The Language of Psychopaths: Warning Signs for Law Enforcement




Smedley, Emily

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The proposed research explores the language of psychopaths through their word choices, references and usage of figures of speech. Results from the study may be used for profiling purposes or in interrogation settings. Psychopaths’ language is explored using pre-recorded interviews and is compared to a matched sample’s pre-recorded interviews. All subjects in the study are murderers. The study utilizes a mixed methods design called sequential exploratory strategy that allows the researcher to focus on qualitative data while supporting findings with quantitative results and combine the two analyses. The researcher has six hypotheses: 1) Psychopathic offenders will use more past tense lexical verbs than the control 2) Psychopathic offenders will have a higher number of cause and effect words than the control group 3) Psychopaths will refer more to primal needs than the control 4) Psychopaths will make fewer references to social needs including family, spiritual and religious references as compared to the control 5) Psychopaths’ narratives/interviews will include more disfluencies/speech fillers than the control group 6) Psychopaths will use fewer figures of speech than the control with the exception of sarcasm. The usage of 10 figures of speech will be collected: metaphors, similes, personification, analogies, cacophonies, chiasmuses, hyperboles, oxymorons, puns, and sarcasm. Results support hypotheses one, two, five, and hypothesis six not including the exception of sarcasm.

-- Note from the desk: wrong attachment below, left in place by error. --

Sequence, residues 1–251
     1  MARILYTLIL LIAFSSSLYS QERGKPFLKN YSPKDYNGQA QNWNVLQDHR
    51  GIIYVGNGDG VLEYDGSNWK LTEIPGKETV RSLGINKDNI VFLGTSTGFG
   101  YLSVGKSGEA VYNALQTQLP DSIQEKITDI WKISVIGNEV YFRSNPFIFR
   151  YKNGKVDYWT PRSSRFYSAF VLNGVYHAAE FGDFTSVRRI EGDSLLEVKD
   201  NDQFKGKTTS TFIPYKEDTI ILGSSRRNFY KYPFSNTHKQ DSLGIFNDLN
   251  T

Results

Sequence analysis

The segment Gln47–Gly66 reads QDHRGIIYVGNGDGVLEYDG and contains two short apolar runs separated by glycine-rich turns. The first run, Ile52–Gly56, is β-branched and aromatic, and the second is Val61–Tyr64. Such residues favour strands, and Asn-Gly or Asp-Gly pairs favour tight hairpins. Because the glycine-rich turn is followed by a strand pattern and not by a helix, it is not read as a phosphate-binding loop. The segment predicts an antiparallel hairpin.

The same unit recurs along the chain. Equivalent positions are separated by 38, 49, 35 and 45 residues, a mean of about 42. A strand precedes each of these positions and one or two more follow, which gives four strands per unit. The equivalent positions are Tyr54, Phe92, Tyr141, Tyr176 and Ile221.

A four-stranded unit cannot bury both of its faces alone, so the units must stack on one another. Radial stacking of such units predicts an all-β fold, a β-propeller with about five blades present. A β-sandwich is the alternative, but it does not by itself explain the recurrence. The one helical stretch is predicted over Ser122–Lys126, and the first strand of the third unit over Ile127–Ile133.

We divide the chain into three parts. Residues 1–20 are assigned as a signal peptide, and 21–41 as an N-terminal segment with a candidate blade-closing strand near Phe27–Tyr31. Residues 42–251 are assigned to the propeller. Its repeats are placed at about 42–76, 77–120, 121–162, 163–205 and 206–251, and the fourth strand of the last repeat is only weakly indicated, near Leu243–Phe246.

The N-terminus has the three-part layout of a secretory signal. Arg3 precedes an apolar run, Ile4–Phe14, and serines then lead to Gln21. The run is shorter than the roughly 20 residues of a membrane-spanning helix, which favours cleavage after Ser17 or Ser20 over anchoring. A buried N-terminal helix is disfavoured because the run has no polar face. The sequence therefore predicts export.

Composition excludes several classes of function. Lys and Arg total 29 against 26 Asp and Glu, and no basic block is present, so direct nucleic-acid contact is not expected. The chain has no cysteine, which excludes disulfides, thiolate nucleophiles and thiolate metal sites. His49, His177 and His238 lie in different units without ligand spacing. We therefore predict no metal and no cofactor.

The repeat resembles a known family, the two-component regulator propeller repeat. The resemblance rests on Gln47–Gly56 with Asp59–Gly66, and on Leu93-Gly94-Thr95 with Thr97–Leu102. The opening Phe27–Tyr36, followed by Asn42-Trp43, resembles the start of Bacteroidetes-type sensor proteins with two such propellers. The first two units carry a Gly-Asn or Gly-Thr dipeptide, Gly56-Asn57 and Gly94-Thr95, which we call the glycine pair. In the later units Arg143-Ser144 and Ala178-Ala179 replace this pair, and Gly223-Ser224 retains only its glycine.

Psychopaths, Language, Law enforcement, Linguistic cues